Be A Part Of History, Wherever You Stand

My ticket to President Bill Clinton's first inauguration ceremony.

My ticket to President Bill Clinton's first inauguration ceremony.

If all goes as anticipated, one week from today — on January 20, 2009 — Washington, D.C., will swell with a record 4 million tourists, guests and V.I.Ps, all of whom have come to the area to attend the inaugural ceremonies for President-elect Barack Obama.

It’s going to be a mess.

Washington, D.C. is a place that’s used to managing and moving enormous crowds of people into and out of the District.  Every day, DC’s huge workforce — made up mainly of government workers, lobbyists, and advocates, most of whom don’t live in the city itself — commute from Maryland, Virginia, even Pennsylvania, West Virginia and Delaware, ballooning the population of the city from its normal 600,000 into the millions.  They — we — come in by car, by commuter train, by subway, and by bus.  We’re well used to sitting in traffic on the Beltway for hours or packing ourselves uncomfortably onto the Metro or commuter trains, our faces pressed against each others’ backs and our briefcases lost somewhere down by our feet.

We’re  a town that prides itself on elaborate public events, from Fourth of July celebrations to gigantic parades.  We’re used to the inconveniences that come from being the seat of government.  We hardly blink at protests or sit-ins, for example, or being waved across streets by heavily-armed soldiers in fatigues or Men in Black, out in force because of visiting heads of state.  We’re used to traffic being stopped to make way for caravans of black limousines, their windows tinted almost impossibly dark, sirens blaring, as Cabinet officials or the President make their way through the city.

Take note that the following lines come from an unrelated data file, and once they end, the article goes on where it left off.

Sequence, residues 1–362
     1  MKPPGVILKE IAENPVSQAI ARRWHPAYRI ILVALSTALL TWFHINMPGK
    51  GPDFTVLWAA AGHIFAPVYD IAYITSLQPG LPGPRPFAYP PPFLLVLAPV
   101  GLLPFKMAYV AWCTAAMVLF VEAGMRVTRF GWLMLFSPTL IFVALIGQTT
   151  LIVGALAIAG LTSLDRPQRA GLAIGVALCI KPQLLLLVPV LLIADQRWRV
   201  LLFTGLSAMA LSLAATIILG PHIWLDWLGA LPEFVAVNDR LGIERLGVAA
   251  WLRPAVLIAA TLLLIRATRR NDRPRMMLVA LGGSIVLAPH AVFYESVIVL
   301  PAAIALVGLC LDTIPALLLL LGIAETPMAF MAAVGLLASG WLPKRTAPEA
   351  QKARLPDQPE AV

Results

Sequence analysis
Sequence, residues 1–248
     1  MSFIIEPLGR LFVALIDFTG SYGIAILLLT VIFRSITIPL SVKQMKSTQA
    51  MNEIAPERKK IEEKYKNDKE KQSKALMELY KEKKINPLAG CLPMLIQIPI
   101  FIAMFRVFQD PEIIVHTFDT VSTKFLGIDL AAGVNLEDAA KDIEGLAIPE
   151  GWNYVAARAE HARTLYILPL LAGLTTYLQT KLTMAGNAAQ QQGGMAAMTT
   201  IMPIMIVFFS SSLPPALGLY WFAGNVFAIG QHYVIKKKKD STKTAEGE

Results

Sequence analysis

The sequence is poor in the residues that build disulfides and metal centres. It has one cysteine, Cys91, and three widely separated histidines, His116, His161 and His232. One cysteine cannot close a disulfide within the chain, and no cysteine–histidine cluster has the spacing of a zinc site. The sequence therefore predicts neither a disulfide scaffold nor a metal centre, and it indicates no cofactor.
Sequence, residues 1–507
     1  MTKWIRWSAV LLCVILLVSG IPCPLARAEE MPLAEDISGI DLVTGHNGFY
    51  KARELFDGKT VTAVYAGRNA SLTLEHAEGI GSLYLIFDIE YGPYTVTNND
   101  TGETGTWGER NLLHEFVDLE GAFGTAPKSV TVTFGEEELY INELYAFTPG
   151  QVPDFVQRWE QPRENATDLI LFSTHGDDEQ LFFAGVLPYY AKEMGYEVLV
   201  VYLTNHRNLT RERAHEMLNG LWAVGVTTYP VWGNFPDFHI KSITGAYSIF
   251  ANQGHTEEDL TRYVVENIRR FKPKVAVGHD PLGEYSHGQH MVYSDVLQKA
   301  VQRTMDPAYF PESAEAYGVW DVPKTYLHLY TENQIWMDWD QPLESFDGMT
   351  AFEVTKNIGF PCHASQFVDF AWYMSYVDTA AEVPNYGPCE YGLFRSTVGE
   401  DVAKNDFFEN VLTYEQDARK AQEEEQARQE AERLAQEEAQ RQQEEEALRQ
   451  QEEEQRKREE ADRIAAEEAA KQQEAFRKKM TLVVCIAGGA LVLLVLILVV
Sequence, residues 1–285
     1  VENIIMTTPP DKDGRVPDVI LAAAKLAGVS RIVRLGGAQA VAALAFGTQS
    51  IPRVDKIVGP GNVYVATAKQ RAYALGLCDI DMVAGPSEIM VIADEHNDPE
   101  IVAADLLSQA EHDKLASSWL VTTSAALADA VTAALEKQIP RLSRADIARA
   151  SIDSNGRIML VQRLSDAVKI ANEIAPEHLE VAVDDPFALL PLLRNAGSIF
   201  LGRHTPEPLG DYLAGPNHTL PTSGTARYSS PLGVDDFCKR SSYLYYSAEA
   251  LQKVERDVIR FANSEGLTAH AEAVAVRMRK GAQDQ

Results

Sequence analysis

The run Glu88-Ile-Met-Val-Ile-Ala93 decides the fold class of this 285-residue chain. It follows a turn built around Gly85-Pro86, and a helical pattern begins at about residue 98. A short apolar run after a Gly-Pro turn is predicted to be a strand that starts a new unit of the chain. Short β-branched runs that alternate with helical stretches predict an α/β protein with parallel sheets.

All this we’re used to.  Still, we’re bracing ourselves for next Tuesday as a day unlike any we’ve ever seen.  Schools are closed for the day to keep buses off the roads.  The bridges crossing the Potomac from Virginia into DC will be closed to all but inaugural traffic — which means the countless shuttle buses that will pour into the city, looking for places to park.  Metro will run at capacity all day, but with its ability to move only 150,000 riders per hour, it may well take attendees all day to wait for their train.  In short, it’ll be a zoo.

And yet . . . when I’m contacted by friends from across the country who want to make a “quick trip” to DC to to take part in history, or just want to catch a glimpse of the new President, I just can’t discourage them.  While this is indeed a historic event, any Presidential inauguration is worth seeing.  Regardless of your political affiliation or who you may have voted for, it’s the chance to witness firsthand one of great miracles of  a republican form of government: the transfer of power — through the will of the people — to a new head of state.  And it’s truly thrilling.